The lower Manhattan skyline shrouded in smoke days after the Sept. 11, 2001, attack on the World Trade Center. (Dan Loh/ASSOCIATED PRESS)
The 10th anniversary of 9/11 is still four days away, but the past week has seen an outpouring of recollections. The United States is circling around its memories, still grappling with the meaning of that day. So many words have been written since that bright September morning (there are around 455 million Google results for “9/11”), but sometimes it’s best to go back to the beginning to try to make sense of what’s past.
To remember the chaos and the uncertainty, but also the resilience and even the sense of humor of that time, here are six of the best stories written within days after the attack:
“Eye of the Storm” by John Bussey in the Wall Street Journal: If there's only one sight I'll remember from the destruction of the World Trade Center, it is the flight of desperation — a headlong leap from the top-most floors by those who chose a different death than the choking smoke and flame. Some fell swinging their arms and legs, looking down as the street came up at them. Others fell on their backs, peering upward toward the flames and sky. They dropped like deadweight, several seconds, hopeless and unhelpable. And always the same end.
“September 11, 2011” by David Maraniss in the Washington Post: The saddest and most relentlessly horrific day in modern American existence started in the most ordinary ways.... Real people, not characters in a movie, yet all of them soon to be caught up in surreal scenes of dread and death and horror organized by perpetrators who seemed to understand perfectly the symbols and theatrics of American culture.”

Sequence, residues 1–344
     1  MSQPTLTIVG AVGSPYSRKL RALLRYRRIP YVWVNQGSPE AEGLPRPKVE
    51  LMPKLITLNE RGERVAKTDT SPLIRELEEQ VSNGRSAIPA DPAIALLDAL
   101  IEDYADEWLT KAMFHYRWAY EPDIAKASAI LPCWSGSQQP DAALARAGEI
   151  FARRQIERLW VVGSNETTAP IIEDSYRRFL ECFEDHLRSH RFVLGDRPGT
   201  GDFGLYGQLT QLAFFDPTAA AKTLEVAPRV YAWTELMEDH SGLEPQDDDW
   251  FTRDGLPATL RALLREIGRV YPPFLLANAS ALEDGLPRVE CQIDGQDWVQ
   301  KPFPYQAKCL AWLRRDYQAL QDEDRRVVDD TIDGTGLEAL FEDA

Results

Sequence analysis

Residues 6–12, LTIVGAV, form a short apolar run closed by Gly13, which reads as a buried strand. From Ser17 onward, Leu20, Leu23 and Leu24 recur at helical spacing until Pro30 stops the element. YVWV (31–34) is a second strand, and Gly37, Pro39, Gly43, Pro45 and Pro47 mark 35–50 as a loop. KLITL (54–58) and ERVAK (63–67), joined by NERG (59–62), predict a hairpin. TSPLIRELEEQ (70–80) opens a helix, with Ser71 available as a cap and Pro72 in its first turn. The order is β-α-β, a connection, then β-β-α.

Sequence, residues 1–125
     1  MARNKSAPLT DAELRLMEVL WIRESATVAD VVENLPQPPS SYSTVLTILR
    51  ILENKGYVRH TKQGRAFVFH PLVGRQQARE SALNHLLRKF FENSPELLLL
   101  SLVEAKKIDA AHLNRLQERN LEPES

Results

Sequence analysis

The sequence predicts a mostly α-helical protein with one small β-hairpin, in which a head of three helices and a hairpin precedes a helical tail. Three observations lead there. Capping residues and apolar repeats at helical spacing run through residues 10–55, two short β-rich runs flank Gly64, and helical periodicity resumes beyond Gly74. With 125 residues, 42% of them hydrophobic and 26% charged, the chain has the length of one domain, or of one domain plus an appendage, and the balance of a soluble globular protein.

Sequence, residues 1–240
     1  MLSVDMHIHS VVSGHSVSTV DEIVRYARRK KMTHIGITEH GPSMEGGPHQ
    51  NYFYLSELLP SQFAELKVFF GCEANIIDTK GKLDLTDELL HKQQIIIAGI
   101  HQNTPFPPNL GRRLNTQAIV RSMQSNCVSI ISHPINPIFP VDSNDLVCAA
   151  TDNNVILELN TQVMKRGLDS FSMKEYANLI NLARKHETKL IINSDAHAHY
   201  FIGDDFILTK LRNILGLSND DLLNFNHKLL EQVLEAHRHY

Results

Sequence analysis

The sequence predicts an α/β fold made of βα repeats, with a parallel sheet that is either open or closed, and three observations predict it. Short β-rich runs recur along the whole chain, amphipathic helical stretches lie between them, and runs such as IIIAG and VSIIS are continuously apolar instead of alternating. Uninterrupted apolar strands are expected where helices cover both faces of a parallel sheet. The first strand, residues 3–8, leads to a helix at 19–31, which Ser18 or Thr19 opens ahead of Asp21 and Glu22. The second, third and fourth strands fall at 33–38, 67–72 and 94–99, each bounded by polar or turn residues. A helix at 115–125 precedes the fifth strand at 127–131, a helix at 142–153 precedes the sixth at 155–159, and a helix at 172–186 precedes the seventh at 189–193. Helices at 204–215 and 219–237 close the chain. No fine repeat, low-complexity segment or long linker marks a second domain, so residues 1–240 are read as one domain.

“‘I Saw Bodies Falling Out — Oh, God, Jumping, Falling’” by Barton Gellman in The Washington Post: Johnson screamed a guttural, wordless wail. A sound like nothing she ever heard — low as thunder, but louder and longer — pressed in on her chest for ten seconds or more, resounding through Centre Street at Foley Square. The northern tower, the taller of the two, was gone. It was 10:29 a.m., an hour and three quarters after the first of two jetliners ripped through New York's twin emblems of global prestige.
“Act of War” by Edmund H. Mahony in the Hartford Courant America's sense of security was smashed with apocalyptic fury Tuesday when the most destructive and meticulously planned terror attack in history shattered two of the country's most potent symbols. Shortly after leaving Boston, American Airlines Flight 11 to Los Angeles banked south near Albany and raced down the Hudson River Valley. It plummeted from a crystal blue bowl of morning sky and punched a hole through the north tower of the World Trade Center, the heart of the nation's financial nerve center in lower Manhattan.
“If you want to humble an empire” by Nancy Gibbs in Time magazine: If you want to humble an empire it makes sense to maim its cathedrals. They are symbols of its faith, and when they crumple and burn, it tells us we are not so powerful and we can't be safe. The Twin Towers of the World Trade Center, planted at the base of Manhattan island with the Statue of Liberty as their sentry, and the Pentagon, a squat, concrete fort on the banks of the Potomac, are the sanctuaries of money and power that our enemies may imagine define us. But that assumes our faith rests on what we can buy and build, and that has never been America's true God. On a normal day, we value heroism because it is uncommon. On Sept. 11, we valued heroism because it was everywhere.
“Not Knowing What Else To Do, Woman Bakes American-Flag Cake” in the Onion: ‘I baked a cake,’ said Pearson, shrugging her shoulders and forcing a smile as she unveiled the dessert in the Overstreet household later that evening. ‘I made it into a flag.’ Pearson and the Overstreets stared at the cake in silence for nearly a minute, until Cassie hugged Pearson. ‘It's beautiful,’ Cassie said. ‘The cake is beautiful.’